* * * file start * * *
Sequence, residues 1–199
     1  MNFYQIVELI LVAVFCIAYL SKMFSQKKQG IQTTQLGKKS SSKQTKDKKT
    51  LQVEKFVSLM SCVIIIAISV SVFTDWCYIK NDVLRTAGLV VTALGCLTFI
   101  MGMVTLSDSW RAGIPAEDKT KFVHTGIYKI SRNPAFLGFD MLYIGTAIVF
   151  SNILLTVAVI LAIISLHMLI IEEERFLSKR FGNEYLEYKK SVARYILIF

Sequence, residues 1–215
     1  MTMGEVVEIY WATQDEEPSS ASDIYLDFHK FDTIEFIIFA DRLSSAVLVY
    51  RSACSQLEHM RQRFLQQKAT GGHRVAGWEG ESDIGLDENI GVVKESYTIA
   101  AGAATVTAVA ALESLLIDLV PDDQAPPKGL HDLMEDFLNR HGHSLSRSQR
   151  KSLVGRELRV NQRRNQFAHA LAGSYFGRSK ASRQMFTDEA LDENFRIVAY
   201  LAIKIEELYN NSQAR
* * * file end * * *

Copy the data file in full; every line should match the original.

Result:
Sequence, residues 1–199
     1  MNFYQIVELI LVAVFCIAYL SKMFSQKKQG IQTTQLGKKS SSKQTKDKKT
    51  LQVEKFVSLM SCVIIIAISV SVFTDWCYIK NDVLRTAGLV VTALGCLTFI
   101  MGMVTLSDSW RAGIPAEDKT KFVHTGIYKI SRNPAFLGFD MLYIGTAIVF
   151  SNILLTVAVI LAIISLHMLI IEEERFLSKR FGNEYLEYKK SVARYILIF

Sequence, residues 1–215
     1  MTMGEVVEIY WATQDEEPSS ASDIYLDFHK FDTIEFIIFA DRLSSAVLVY
    51  RSACSQLEHM RQRFLQQKAT GGHRVAGWEG ESDIGLDENI GVVKESYTIA
   101  AGAATVTAVA ALESLLIDLV PDDQAPPKGL HDLMEDFLNR HGHSLSRSQR
   151  KSLVGRELRV NQRRNQFAHA LAGSYFGRSK ASRQMFTDEA LDENFRIVAY
   201  LAIKIEELYN NSQAR